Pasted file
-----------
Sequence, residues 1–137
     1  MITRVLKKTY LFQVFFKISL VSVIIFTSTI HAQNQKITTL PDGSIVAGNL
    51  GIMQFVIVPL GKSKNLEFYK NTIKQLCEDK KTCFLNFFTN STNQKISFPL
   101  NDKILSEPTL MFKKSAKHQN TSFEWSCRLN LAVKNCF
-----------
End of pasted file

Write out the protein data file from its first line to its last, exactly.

Sequence, residues 1–137
     1  MITRVLKKTY LFQVFFKISL VSVIIFTSTI HAQNQKITTL PDGSIVAGNL
    51  GIMQFVIVPL GKSKNLEFYK NTIKQLCEDK KTCFLNFFTN STNQKISFPL
   101  NDKILSEPTL MFKKSAKHQN TSFEWSCRLN LAVKNCF